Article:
SpaceX founder Elon Musk took the wraps off its next-generation spacecraft today, called Dragon V2. The key improvements are that Dragon V2 will be able to land “anywhere on Earth” with its propulsion system and the accuracy of a helicopter. It will also be capable of carrying seven astronauts for several days.

Musk said Dragon V2 is capable of docking autonomously, and that it can land either via the propulsion system, or in the case that any engines aren’t working — deploy parachutes for a safe landing. Even after starting the propulsion system, it can afford to lose two engines and land safely — primarily because of upgraded powerful engines known as “Super Draco” thrusters. Apart from the convenience of a landing location, Musk notes that this is important because it enables rapid reusability of the spacecraft.

“You can just reload propellants and fly again — this is extremely important for revolutionizing access to space. Because as long as we continue to throw away rockets and spacecraft, we will never have true access to space. It will always be incredibly expensive. You can imagine a scenario with aircraft — if aircraft were thrown away with each flight, nobody would be able to fly, or very few,” he said.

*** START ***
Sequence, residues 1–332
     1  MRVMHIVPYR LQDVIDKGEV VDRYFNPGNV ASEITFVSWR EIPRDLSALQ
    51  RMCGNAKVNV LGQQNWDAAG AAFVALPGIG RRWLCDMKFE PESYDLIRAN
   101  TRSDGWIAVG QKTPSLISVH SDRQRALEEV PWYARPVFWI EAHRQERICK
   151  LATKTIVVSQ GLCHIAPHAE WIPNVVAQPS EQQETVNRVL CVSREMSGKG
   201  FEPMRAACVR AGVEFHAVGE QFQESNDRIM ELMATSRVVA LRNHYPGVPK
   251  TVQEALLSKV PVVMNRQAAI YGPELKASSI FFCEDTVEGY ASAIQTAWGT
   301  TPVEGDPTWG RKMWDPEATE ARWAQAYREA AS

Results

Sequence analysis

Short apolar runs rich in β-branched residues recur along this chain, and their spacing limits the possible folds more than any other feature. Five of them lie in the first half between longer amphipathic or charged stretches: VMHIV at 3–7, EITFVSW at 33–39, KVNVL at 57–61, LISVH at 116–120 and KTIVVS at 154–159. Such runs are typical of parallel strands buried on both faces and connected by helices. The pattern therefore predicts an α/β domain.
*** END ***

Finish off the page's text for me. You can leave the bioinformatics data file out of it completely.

Screen Shot 2014 05 30 at 11.27.28 am 730x466 SpaceX unveils a fully reusable spacecraft that can carry 7 astronauts and land anywhere on Earth

The Verge reports that Musk said that he hopes Dragon V2 will be ready to transport astronauts between the International Space Station (ISS) and the surface of the Earth by 2017 or 2018.

Screen Shot 2014 05 30 at 11.38.49 am 730x403 SpaceX unveils a fully reusable spacecraft that can carry 7 astronauts and land anywhere on Earth

Musk previously said that moving a family to Mars could cost $500,000 by 2029, and reusable rockets represent a key part of his plans.

SpaceX is claimed to have been cash positive for six years. The company has customer contracts worth an estimated $4 billion which extend into 2017, including satellite launches and delivering cargo to the ISS.

Headline image via BRUCE WEAVER/AFP/Getty Images